Here's a March 31, 1988 posting from the Wire Service Guild, with the headline: UPI ANNOUNCES ANOTHER 150 LAYOFFS; PAUL STEINLE SAYS NO MORE STAFF REDUCTIONS 'FOR THE NEXT YEAR OR TWO':
Union representatives met Wednesday, March 30, with UPI President Paul Steinle, who announced 150 more layoffs of UPI employees and briefly outlined the company's business plan in advance of the public announcement.
The latest wave of UPI layoffs, Steinle said, will be the last reductions in force "for the next year or two."
Steinle contended that the new management of UPI was seeking to stabilize the company. Guild President Kevin Keane told Steinle that UPI can return to stability by signing a fair, equitable contract with its employees.
Steinle did not respond.
Sean McCormally, chairman of the Guild negotiating committee, issued a statement noting that firings, coupled with resignations, mean that almost 400 UPI staffers have left their jobs since Nov. 1, when UPI imposed a drastic set of concessionary "work rules."
The union continues its challenge to the work rules, with one case pending before the National Labor Relations Board and the other in the arbitration process. As is typical in such cases, the legal challenges are progressing slowly.
"We agree with the WNW management that what UPI needs now is stability," McCormally said. "We believe the next step towards stability is for management to reach a fair and equitable contract with its employees."
McCormally said, "That added stability should prove attractive to potential investors."
Speaking for the union negotiators, McCormally said: "We are not seeking anything in the negotiations that costs UPI money beyond what has already been offered, or anything that would bar it from reorganizing to take advantage of new markets. But we are insisting our members have the protections guaranteed by a contract and by effective union representation."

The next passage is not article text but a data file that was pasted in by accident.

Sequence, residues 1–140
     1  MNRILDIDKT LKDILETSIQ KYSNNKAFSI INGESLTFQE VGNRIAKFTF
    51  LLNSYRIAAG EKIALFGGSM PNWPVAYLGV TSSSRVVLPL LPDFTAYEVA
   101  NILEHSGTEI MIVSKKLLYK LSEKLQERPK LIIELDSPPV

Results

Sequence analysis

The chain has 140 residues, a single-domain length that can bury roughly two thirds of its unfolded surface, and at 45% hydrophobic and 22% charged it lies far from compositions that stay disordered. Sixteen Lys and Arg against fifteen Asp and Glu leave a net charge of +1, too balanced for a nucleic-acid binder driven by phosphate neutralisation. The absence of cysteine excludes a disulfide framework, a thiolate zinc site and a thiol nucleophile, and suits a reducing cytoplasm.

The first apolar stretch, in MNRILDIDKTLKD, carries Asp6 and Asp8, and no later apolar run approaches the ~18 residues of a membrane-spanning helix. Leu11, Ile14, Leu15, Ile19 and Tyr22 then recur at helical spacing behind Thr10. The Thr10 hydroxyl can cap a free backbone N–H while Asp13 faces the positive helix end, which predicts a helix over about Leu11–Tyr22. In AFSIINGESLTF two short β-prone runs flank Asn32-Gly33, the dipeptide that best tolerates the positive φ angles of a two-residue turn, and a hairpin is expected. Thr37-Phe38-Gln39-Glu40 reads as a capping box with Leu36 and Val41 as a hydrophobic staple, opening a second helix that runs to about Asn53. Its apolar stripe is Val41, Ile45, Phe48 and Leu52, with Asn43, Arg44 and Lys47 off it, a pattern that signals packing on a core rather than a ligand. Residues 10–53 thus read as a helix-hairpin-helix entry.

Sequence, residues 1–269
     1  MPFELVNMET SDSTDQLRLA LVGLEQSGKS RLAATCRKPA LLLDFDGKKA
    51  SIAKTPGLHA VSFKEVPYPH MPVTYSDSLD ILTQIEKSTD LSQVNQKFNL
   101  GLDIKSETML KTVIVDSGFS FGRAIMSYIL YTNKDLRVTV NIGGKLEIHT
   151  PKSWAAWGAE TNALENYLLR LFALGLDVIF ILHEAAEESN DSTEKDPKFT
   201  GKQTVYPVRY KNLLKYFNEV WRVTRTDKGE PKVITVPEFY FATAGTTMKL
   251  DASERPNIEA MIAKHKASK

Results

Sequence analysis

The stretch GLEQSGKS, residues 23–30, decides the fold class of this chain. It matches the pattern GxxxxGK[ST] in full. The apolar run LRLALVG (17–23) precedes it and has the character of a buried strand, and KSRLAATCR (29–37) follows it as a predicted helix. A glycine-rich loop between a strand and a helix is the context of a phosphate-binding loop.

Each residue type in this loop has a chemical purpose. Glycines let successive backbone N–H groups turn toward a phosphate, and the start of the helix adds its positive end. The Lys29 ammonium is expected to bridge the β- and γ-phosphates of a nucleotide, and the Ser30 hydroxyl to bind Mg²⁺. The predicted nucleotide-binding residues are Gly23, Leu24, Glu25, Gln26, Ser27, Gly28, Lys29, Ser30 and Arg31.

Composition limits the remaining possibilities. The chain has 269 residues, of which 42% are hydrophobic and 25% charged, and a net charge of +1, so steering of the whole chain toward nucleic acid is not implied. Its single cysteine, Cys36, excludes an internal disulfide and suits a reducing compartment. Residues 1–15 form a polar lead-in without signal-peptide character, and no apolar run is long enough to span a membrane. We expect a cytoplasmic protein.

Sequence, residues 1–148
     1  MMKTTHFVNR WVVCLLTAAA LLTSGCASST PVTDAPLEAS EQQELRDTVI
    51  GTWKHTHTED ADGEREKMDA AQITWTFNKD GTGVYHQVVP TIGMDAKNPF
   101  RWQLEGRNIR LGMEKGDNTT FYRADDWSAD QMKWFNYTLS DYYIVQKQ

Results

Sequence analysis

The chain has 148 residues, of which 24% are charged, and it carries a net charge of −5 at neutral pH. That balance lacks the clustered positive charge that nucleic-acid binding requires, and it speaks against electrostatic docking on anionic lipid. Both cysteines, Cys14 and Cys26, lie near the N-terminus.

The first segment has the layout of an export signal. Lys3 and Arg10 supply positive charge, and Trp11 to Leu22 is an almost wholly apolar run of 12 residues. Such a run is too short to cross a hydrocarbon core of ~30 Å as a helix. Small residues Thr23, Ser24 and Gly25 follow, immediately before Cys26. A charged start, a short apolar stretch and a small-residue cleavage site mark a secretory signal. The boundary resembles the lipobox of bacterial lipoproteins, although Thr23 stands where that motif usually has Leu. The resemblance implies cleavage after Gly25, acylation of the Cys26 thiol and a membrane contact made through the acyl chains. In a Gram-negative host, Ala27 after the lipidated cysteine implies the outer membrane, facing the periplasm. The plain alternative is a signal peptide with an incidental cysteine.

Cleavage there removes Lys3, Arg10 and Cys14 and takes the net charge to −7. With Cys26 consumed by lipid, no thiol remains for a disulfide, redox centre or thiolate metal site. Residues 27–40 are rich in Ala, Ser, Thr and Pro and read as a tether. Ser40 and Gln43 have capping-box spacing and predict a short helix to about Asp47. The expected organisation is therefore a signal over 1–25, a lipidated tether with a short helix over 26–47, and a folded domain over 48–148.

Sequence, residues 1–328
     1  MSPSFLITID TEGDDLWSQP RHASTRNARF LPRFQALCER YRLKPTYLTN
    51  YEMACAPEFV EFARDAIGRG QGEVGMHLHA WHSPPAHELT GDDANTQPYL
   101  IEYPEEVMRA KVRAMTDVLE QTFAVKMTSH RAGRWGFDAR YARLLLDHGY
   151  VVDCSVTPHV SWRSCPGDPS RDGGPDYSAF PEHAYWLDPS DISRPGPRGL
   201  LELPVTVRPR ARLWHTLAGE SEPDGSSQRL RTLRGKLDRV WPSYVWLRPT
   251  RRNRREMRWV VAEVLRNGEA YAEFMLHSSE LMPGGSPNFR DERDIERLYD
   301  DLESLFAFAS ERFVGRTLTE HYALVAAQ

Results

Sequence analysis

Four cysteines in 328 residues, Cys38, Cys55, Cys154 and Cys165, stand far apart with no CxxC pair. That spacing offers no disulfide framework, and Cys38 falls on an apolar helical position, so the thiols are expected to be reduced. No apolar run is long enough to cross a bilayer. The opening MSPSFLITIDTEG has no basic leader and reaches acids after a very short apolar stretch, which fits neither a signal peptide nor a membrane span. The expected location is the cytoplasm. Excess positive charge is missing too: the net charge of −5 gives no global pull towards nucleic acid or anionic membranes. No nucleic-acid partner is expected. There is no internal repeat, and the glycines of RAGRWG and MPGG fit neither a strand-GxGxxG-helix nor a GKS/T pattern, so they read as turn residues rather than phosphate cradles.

He said, "While we regret that many of our colleagues are losing their jobs, we were happy to hear Paul Steinle assure us this morning that there will be no more layoffs, beyond the 150 announced today, and that UPI's staffing level is set for the next year or two."
McCormally, of UPI Washington, concluded: "We have already seen 115 people fired and more than 100 resign since November. That means nearly 400 people who devoted their talents and energies to helping keep UPI afloat through these trying past few years have been lost and UPI is poorer for that loss."
Steinle also responded to repeated union demands during the past few weeks that overdue employee expense and medical claims be paid in full. Steinle said the company would pay them by the end of April. The union has filed for arbitration because hundreds of thousands of dollars in unpaid medical and expense claims. Some employees have been harassed by bill collectors because UPI has refused to pay the medical claims.
Attending the Washington meeting for the union were, in addition to Keane and McCormally, Jon Frandsen of UPI Washington, a member of the Guild's Executive Committee, and labor attorney Sidney Reitman.
UPI was represented by, in addition, to Steinle, Bobby Ray Miller, Dwight Geduldig and labor lawyer Barry Bevacqua.